This is a condition where taking opioids can actually make you more susceptible to pain.
Hyperalgesia is a result of impaired pain receptors in your brain and subsequently causes your body to develop an enhanced pain response.
People with hyperalgesia perceive generally painless sensations, such as a light touch, as excruciating.
Opioid induced hyperalgesia can occur regardless of how much you take, but if you’re experiencing it, your doctor may increase your dosage in order to achieve the same pain relief effects.
This can increase your risk of abuse or addiction.
As well, your body starts to forget how to make its own painkillers, making you more reliant on the drug for relief.
When Are Opioids Best Used?
Despite their risks, opioids may still be beneficial for certain individuals.
People receiving cancer treatment, palliative care, and end of life care are often prescribed opioids to help with pain management.
Additionally, certain acute care patients, such as post operative patients, may benefit from prescription opioids for pain management.
RELATED: Surgery Recovery Physical Therapy Clinic
However, care must be made to reduce the risks of opioid addiction.
In all other cases of pain management, the CDC recommends non opioid alternatives, such as physical therapy.
Considering Physical Therapy Vs Opioids For Chronic Pain
If you’re dealing with chronic pain, you might feel like you’re unable to tolerate physical therapy.
This is common barrier to treatment.
Unfortunately, because physical therapy can often be more effective in the long term, this can also be a barrier to pain relief.
Your physical therapist can work with you to determine whether physical therapy is right for you.
Below are some general guidelines to consider when choosing between physical therapy and opioids for chronic pain relief.
1. Consider The Costs Vs Benefits Of Opioid Use
As discussed above, long term opioid use is linked with several serious side effects, such as depression, addiction, overdose, and opioid induced hyperalgesia.
Physical therapy, of course, doesn’t have this risk, but it may take longer to manage your chronic pain vs the quickness of a pill.
2. Consider That Opioid Addiction Risk Increases With Long Term Use
Opioid use for chronic pain may increase your risk of developing an addiction.
Any pain that lasts longer than 90 days is considered chronic.
Continued use of prescription opioid past 90 days increases your risk of developing a dependence, and ultimately an addiction, to opioids.
Consider physical therapy as an alternative to opioids for chronic pain to mitigate these risks.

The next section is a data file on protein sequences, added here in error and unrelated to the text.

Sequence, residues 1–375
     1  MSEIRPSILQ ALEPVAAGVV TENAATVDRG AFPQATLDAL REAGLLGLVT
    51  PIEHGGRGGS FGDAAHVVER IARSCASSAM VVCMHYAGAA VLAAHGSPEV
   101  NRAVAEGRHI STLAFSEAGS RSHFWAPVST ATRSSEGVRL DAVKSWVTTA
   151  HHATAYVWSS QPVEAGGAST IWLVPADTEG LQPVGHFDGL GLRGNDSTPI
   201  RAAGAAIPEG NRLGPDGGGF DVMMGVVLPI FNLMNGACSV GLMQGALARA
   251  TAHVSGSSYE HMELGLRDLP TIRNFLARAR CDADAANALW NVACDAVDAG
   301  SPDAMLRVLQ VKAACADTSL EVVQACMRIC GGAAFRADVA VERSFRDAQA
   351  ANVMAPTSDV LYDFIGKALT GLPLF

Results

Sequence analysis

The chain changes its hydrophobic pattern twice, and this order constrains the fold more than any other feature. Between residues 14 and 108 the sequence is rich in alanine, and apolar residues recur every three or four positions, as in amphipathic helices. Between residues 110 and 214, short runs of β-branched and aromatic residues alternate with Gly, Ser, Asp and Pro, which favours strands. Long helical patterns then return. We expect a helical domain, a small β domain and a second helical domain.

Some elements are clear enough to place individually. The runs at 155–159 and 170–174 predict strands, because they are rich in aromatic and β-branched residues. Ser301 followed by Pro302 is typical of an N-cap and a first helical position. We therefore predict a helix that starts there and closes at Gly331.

3. Consider The Evidence Which Shows Certain Disorders Benefit From Physical Therapy
Physical therapists frequently work with clients experiencing pain due to a variety of disorders and conditions.
Certain conditions, such as lower back pain, osteoarthritis, and fibromyalgia have been shown to respond particularly well to physical therapy.
If your chronic pain is linked with one of these conditions, you may benefit from physical therapy treatments.
4. Consider That Physical Therapy Addresses The Actual Cause Of Your Pain
Prescription opioids will certainly mask your pain, but they won’t help deal with its underlying cause.
On the other hand, physical therapy is designed to target the root cause of your pain.
In some cases, such as with a broken bone, your body will heal itself and the pain should naturally subside in 6-8 weeks.
Physical therapy can help reduce stiffness and weakness in nearby regions and help you know when you can start to resume activity safely.
Physical therapy can also treat pain that lasts beyond typical tissue healing
But with many chronic conditions, physical therapy can make a significant difference in managing your pain.
Speak to a physical therapist to find out if physical therapy can help the specific cause of your pain.
Is Physical Therapy For Chronic Pain Right For You?
It’s important to note that physical therapists can’t prescribe medication or change dosages.
Such conversations ought to be had with your medical doctor.
However, physical therapy can provide an alternative to prescription opioids.
Physical therapists are qualified to work with individuals dealing with chronic pain due to a variety of conditions, such as:
- Trauma and injury
- Myofascial pain syndrome
- Chronic headaches
- Neuropathic pain
- Rheumatoid arthritis
Your physical therapist will evaluate your strengths, limitations, and general health in order to construct a personalized treatment plan that is right for you.
Book Your Appointment With Capitol Physical Therapy Today
Are you interested in hearing more about physical therapy alternatives to opioid use for chronic pain?
At Capitol Physical Therapy, we can help.
Book your appointment with Capitol Physical Therapy today, and take your first step toward a pain free tomorrow.
1331 H St NW #200,
Washington, DC 20005
9560 Pennsylvania Ave. # 202,
Upper Marlboro, MD 20772
Capitol Physical Therapy offers orthopedic and other pain related solutions, with our versitile team of physical therapists in Washington, DC